In 2002, Morocco and Spain agreed to a US-brokered resolution over the disputed island of Perejil. Spanish troops had taken the normally uninhabited island after Moroccan soldiers landed on it and set up tents and a flag. There were renewed tensions in 2005 as hundreds of African migrants tried to storm the borders of the Spanish enclaves of Melilla and Ceuta. Morocco deported hundreds of the illegal migrants. In 2006 the Spanish Premier Zapatero visited Spanish enclaves. He was the first Spanish leader in 25 years to make an official visit to the territories. The following year, Spanish King Juan Carlos visited Ceuta and Melilla, further angering Morocco which demanded the return of the enclaves.

In February 2003, a Casablanca court jailed three Saudi members of al-Qaeda for 10 years after they were accused of plotting to attack US and British warships in the Straits of Gibraltar. Three months later, more than 40 people were killed in the 2003 Casablanca bombings, when suicide bombers attacked several sites in Casablanca, including a Spanish restaurant and Jewish community centre.

In the 2007 Casablanca bombings, three suspected suicide bombers blew themselves up, a few weeks after a suicide blast in an internet cafe that injured three. More than 40 people were given long prison sentences for this bombing. Two suicide bombers blew themselves up outside the US diplomatic offices in Casablanca.

In 2008, two Moroccan men, Abdelilah Ahriz and Hicham Ahmidan, were sentenced to 20 and 10 years in jail respectively in Morocco over the Madrid train bombings of 2004. Islamist Saad Housseini was given 15-year sentence in 2009 over the 2003 Casablanca bombings. He was also wanted in Spain over the Madrid bombings. Soon after, the alleged al-Qaeda leader in Morocco, Belgian-Moroccan Abdelkader Belliraj, was imprisoned for life on being found guilty of leading an Islamist militant group and committing six murders in Belgium.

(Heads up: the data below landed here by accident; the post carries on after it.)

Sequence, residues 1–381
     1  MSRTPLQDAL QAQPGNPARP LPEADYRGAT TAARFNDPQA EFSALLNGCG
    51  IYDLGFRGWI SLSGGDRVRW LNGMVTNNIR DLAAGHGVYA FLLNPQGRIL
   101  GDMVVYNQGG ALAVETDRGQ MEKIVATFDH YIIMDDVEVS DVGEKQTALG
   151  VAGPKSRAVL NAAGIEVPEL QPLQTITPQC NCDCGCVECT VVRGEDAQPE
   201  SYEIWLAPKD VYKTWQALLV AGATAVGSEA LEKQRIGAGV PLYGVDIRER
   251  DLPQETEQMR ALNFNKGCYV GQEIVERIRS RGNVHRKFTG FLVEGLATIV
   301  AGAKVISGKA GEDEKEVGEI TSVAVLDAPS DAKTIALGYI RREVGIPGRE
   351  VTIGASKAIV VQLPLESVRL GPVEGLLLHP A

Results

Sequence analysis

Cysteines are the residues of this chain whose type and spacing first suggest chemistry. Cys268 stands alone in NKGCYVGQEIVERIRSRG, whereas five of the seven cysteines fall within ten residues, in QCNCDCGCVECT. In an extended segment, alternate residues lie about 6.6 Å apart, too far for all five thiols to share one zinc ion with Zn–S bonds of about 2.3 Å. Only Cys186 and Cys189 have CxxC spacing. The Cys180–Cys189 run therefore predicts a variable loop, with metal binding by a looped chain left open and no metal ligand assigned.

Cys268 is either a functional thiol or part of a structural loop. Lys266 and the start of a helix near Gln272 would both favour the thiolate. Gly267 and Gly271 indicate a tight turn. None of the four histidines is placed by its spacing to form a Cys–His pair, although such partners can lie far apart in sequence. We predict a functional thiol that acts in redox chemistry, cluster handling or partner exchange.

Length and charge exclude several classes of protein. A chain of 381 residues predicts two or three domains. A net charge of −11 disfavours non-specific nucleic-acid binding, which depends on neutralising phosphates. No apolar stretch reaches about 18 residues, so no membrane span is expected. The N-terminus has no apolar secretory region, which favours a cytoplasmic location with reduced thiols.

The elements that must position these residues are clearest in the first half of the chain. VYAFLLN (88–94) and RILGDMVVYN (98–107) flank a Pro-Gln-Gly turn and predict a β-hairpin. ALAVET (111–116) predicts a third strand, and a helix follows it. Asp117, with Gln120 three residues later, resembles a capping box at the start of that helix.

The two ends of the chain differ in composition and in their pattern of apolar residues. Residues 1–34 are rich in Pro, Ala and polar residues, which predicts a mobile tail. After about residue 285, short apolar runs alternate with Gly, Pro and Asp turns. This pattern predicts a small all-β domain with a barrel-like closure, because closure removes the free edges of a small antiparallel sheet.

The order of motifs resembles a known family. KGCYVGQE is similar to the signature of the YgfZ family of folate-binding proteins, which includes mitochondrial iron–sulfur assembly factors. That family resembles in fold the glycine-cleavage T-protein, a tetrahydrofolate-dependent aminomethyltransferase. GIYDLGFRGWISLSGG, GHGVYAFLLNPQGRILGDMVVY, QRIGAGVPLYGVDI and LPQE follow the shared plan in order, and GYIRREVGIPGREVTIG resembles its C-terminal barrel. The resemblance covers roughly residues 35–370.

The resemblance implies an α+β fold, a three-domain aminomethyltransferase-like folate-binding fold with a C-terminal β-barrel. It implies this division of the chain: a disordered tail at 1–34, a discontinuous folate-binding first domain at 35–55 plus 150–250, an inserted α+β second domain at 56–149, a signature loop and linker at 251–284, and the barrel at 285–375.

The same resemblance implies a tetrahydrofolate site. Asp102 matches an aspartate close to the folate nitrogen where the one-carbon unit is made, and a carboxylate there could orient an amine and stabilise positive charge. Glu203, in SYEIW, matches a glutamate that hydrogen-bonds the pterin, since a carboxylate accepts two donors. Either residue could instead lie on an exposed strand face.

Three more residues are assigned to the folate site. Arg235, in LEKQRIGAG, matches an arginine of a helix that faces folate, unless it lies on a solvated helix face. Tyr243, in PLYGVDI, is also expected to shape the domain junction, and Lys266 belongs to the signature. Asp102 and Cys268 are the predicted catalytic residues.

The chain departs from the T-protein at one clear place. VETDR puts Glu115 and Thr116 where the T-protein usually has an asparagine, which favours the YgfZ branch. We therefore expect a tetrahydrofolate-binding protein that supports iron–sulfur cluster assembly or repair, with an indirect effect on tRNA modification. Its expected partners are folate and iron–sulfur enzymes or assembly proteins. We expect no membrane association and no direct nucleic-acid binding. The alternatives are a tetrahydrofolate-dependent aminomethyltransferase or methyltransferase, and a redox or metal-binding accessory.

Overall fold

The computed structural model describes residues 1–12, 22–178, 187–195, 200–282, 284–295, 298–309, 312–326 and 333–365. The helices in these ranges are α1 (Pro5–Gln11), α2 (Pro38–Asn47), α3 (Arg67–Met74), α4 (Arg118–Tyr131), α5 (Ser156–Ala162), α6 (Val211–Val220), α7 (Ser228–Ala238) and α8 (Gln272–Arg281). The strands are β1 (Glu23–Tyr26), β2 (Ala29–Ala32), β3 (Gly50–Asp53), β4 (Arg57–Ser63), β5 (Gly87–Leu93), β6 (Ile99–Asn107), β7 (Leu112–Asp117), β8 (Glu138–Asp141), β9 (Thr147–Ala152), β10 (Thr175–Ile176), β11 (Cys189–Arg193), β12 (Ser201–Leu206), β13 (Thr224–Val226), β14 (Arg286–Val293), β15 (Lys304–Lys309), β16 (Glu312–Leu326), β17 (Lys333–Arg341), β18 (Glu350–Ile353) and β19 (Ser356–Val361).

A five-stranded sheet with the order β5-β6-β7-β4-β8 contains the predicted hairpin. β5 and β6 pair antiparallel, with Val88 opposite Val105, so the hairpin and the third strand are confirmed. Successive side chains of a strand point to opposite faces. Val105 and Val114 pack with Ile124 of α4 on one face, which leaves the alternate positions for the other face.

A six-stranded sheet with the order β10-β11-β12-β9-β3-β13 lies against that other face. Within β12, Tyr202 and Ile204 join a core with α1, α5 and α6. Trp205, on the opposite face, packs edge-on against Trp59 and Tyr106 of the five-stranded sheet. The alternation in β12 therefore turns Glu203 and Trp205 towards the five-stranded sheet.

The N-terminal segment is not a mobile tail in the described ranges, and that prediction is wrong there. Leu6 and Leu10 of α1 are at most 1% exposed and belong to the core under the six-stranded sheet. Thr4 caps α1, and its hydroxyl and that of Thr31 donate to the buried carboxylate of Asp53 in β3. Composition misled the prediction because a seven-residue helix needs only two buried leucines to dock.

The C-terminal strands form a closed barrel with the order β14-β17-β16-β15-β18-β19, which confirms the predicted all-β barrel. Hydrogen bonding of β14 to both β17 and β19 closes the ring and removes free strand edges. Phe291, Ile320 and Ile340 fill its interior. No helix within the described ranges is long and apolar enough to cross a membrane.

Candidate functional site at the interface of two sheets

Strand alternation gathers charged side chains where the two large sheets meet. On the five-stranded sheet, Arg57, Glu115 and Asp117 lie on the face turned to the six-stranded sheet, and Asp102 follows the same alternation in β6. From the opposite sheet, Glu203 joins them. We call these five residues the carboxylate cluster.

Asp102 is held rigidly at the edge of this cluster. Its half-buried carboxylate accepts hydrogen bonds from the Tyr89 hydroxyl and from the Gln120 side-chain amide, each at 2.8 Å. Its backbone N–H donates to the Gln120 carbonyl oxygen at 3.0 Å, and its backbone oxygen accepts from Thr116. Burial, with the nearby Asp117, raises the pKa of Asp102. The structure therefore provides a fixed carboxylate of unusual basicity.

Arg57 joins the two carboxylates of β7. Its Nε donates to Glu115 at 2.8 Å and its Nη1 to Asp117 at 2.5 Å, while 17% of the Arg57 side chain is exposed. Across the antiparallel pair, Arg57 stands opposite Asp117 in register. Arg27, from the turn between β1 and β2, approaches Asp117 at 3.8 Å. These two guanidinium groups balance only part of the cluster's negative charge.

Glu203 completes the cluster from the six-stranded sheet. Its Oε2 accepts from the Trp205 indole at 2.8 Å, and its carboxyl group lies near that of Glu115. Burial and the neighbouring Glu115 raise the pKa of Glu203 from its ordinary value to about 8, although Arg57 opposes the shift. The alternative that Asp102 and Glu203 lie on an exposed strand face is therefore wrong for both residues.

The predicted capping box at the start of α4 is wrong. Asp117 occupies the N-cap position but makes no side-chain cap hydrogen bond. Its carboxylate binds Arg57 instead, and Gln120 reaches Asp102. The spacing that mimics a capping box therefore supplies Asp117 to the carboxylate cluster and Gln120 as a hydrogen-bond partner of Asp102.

Morocco has a coast on the Atlantic Ocean that reaches past the Strait of Gibraltar into the Mediterranean Sea. It is bordered by Spain to the north (a water border through the Strait and land borders with three small Spanish-controlled exclaves, Ceuta, Melilla, and Peٌَn de Vélez de la Gomera), Algeria to the east, and Western Sahara to the south. Since Morocco controls most of Western Sahara, its de facto southern boundary is with Mauritania.

The internationally recognized borders of the country lie between latitudes 27° and 36°N, and longitudes 1° and 14°W. Adding Western Sahara, Morocco lies mostly between 21° and 36°N, and 1° and 17°W (the Ras Nouadhibou peninsula is slightly south of 21° and west of 17°).

The geography of Morocco spans from the Atlantic Ocean, to mountainous areas, to the Sahara (desert). Morocco is a Northern African country, bordering the North Atlantic Ocean and the Mediterranean Sea, between Algeria and the annexed Western Sahara.

High Atlas in central Morocco
A large part of Morocco is mountainous. The Atlas Mountains are located mainly in the center and the south of the country. The Rif Mountains are located in the north of the country. Both ranges are mainly inhabited by the Berber people. At 172,402 sq mi (446,519 km2), Morocco is the fifty-seventh largest country in the world (after Uzbekistan). Algeria borders Morocco to the east and southeast though the border between the two countries has been closed since 1994.

Spanish territory in North Africa neighbouring Morocco comprises five enclaves on the Mediterranean coast: Ceuta, Melilla, Peٌَn de Vélez de la Gomera, Peٌَn de Alhucemas, the Chafarinas islands, and the disputed islet Perejil. Off the Atlantic coast the Canary Islands belong to Spain, whereas Madeira to the north is Portuguese. To the north, Morocco is bordered by the Strait of Gibraltar, where international shipping has unimpeded transit passage between the Atlantic and Mediterranean.

The Rif mountains stretch over the region bordering the Mediterranean from the north-west to the north-east. The Atlas Mountains run down the backbone of the country, from the south west to the northeast. Most of the southeast portion of the country is in the Sahara Desert and as such is generally sparsely populated and unproductive economically. Most of the population lives to the north of these mountains, while to the south lies the Western Sahara, a former Spanish colony that was annexed by Morocco in 1975 (see Green March). Morocco claims that the Western Sahara is part of its territory and refers to that as its Southern Provinces.